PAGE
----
Ray Evernham is working hard for ESPN this season to overcome some credibility issues that arose from his personal choices, and continues to use his diverse background as both a crew chief and owner to his advantage. ESPN is going to use Evernham in a variety of roles this season, and he seems to be a natural on-camera.

Finally, it may have caused fans to do a double-take, but there he was. Sitting alongside of Bestwick was Johnny Benson. In NASCAR TV land, there was no bigger story a couple of years back than Benson and Bestwick getting summarily fired from the Inside NEXTEL Cup Racing program they had both anchored for years on SPEED.

The irony of a well-spoken and experienced Benson perched on his chair in the NASCAR Now studio was not lost on veteran fans.

Bestwick led the panel into the story of the weekend, which was tires. Evernham was diplomatic, and simply wanted both Goodyear and NASCAR to solve the existing problem. Benson had driven on the tire at Atlanta, and focused on the fact that simply lasting for one fuel run should be the simple goal for Goodyear. Massaro repeated the sentiments of Dale Earnhardt Jr. in saying Goodyear simply went way too far after early issues during testing.

The NASCAR Media Group continues to provide outstanding features that serve to wrap-up the weekend with all the drama that group has managed to create in their past full-length programs. ESPN would be well-served to consider growing that relationship.

In recapping the weekend, Bestwick led the panel into the topic of Carl Edwards and his struggles for the past ten days. The specific topic of the oil-cooler lid was reviewed fairly, and included video of comments on both sides of the issue.

Bestwick was curious about why the comments were so caustic. The panel was divided on whether this issue was just about racing innovation or actually personal issues among senior team management. Using the picture of Edwards car and the actual oil cooler lid at the end of the race was a great touch. This even-handed approach of exposing both sides of the issue worked very well.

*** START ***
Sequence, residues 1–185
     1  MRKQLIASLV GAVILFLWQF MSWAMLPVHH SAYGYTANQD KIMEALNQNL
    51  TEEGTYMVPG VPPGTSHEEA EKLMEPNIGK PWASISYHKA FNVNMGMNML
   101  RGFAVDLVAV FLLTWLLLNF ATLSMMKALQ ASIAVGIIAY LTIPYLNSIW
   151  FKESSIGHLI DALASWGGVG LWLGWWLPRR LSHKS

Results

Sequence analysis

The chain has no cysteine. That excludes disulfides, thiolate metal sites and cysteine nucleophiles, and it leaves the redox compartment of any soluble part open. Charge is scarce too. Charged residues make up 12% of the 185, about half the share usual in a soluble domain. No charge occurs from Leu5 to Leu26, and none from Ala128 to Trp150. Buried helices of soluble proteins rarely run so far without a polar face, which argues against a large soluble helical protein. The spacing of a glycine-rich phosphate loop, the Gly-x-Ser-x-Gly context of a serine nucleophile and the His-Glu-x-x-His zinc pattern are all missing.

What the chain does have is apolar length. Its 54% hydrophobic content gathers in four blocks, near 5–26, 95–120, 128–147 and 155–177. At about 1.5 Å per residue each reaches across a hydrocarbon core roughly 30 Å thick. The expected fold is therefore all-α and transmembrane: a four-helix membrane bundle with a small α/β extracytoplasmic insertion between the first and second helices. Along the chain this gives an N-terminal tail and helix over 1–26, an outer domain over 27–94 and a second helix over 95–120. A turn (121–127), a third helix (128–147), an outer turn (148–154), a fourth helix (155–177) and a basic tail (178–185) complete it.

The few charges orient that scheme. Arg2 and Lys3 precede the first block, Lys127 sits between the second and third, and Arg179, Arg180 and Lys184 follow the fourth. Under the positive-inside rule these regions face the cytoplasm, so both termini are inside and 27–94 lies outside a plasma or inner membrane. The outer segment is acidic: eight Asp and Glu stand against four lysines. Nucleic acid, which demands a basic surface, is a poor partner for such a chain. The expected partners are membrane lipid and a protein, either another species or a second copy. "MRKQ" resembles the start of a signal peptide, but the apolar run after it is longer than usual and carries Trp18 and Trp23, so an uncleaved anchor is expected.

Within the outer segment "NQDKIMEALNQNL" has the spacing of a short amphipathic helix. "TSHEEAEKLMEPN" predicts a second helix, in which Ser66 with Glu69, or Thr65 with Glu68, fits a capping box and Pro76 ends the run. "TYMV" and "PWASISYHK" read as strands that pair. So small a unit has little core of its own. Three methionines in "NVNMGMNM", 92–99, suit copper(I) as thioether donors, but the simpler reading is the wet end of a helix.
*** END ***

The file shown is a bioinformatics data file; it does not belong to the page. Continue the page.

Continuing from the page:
Craftsman Truck Series highlights were next, and once again NASCAR Now followed through with a taped interview of the winner, Kyle Busch. Nationwide Series highlights followed, detailing the hard hit Kyle Busch took including his memorable interview with ESPN's Shannon Spake.

Benson's low-key intelligence and his extensive experience in all three series brought something to the show that had been missing. Whether discussing testing, drivers or track issues, Benson could instantly offer the most up-to-date information for one simple reason. He was there and involved in it.

The key activity of this "Monday after" was a Goodyear tire test at Darlington. NASCAR Now had Lead Reporter Marty Smith on-scene to provide a timely report on the activity and the mood. This is exactly the type of commitment that fans had been searching for since last season.

Smith's report included soundbites from all three of the drivers involved in the test, who specifically addressed both the issues from Atlanta and for Darlington. Once again, however, the ridiculous problem of noise from the cars affected this report. Smith had problems hearing the panel, and several of his comments were drowned-out by cars on the track. This is the third time that ambient noise has played a role in affecting what should have been a very good report.